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Customs and Cascades

Sanctions on deviants, positive payoff externalities, conformity preference, and communication constitute the four mechanisms of uniform behavior; however, they each fail to acknowledge the possibility of erroneous behaviors and the brittle nature of the uniform nature in general. In the Journal of Political Economy, then,  authors Sushil Bikhchandani, David Hirshleifer, and Ivo Welch offer “an explanation not only of why people conform but also of why convergence of behavior can be idiosyncratic and fragile” by an examination of informational cascades.

An informational cascade ensues when an individual, taking part in a sequential process of decisions, observes preceding decisions and then takes the same action in lieu of a decision that would have been made using only his private information. From this point onward, individual decisions converge to one decision that is based on very little information (the initial decisions). Rational or otherwise, cascades occur in many realms: in finance, “the arrival of a first takeover bid frequently attracts competing bids, despite the fact that the presence of the first bidder drives up the price.” In politics, a candidate’s positive performance in the polls causes future poll respondents to view the candidate more favorably. In the workforce, a job applicant lacking in the work experience section of a resume signals a potentially poor quality worker to employers, who then continue to reject the applicant. Cascades are also found in nature, where, for example, the number of female fallow deer vying for a particular mate “correlates with the number of females already present.”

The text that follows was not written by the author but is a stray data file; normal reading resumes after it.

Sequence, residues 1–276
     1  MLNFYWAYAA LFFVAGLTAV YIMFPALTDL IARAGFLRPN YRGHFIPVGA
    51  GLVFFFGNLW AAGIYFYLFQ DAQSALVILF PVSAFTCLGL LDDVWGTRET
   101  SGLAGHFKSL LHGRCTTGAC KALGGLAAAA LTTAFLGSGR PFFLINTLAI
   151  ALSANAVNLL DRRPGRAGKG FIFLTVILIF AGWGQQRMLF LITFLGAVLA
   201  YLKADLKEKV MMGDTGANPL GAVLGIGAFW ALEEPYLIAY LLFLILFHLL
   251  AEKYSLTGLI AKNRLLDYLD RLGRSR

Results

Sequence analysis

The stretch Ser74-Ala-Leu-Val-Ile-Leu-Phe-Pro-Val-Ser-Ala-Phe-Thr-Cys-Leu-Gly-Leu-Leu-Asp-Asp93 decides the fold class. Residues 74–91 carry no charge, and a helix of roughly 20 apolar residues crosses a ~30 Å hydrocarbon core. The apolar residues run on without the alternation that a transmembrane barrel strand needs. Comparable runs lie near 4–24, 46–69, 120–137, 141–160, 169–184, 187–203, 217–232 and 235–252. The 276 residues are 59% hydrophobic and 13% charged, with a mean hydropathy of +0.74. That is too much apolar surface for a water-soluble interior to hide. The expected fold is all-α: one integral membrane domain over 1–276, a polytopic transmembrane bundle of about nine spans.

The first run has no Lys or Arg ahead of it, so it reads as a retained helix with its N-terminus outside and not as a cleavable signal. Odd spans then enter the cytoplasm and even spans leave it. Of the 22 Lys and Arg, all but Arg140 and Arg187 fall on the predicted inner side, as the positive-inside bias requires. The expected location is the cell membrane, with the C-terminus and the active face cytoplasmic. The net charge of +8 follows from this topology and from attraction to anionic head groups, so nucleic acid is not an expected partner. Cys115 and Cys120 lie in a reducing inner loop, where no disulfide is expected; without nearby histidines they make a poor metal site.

Cascades can pose a problem because individual actions do not correlate with individual private information. That is, no new information is introduced in the system, and future decisions made in the cascade are not more informed/improved/supported than earlier ones. For instance, in medicine, many physicians are not up to date with “the cutting edge of research” and rely on the safety of numbers by adopting widely-accepted procedures when faced with indecision. This logic, though, is what led to a decades-long, unnecessary, and even harmful, routinized tonsillectomy. In the case of the fallow deer mate selection, a male may not be the most popular because he is truly the most qualified but rather because he, by chance, attracted the first female mate-seekers, who in turn brought a cascade of other females.

Fortunately—at least, it is fortunate in the case of irrational cascades—cascades are generally brittle. While a mass behavior is reinforced as that mass grows, the “depth” (quality) of the behavior is unchanged. That is, “further adoptions [of a behavior in a cascade] are uninformative” and do not contribute to the behavior’s correctness. As a result, the uniformity of behavior is fragile, and new information or change of action can reverse, otherwise alter, or demolish the cascade.



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November 2014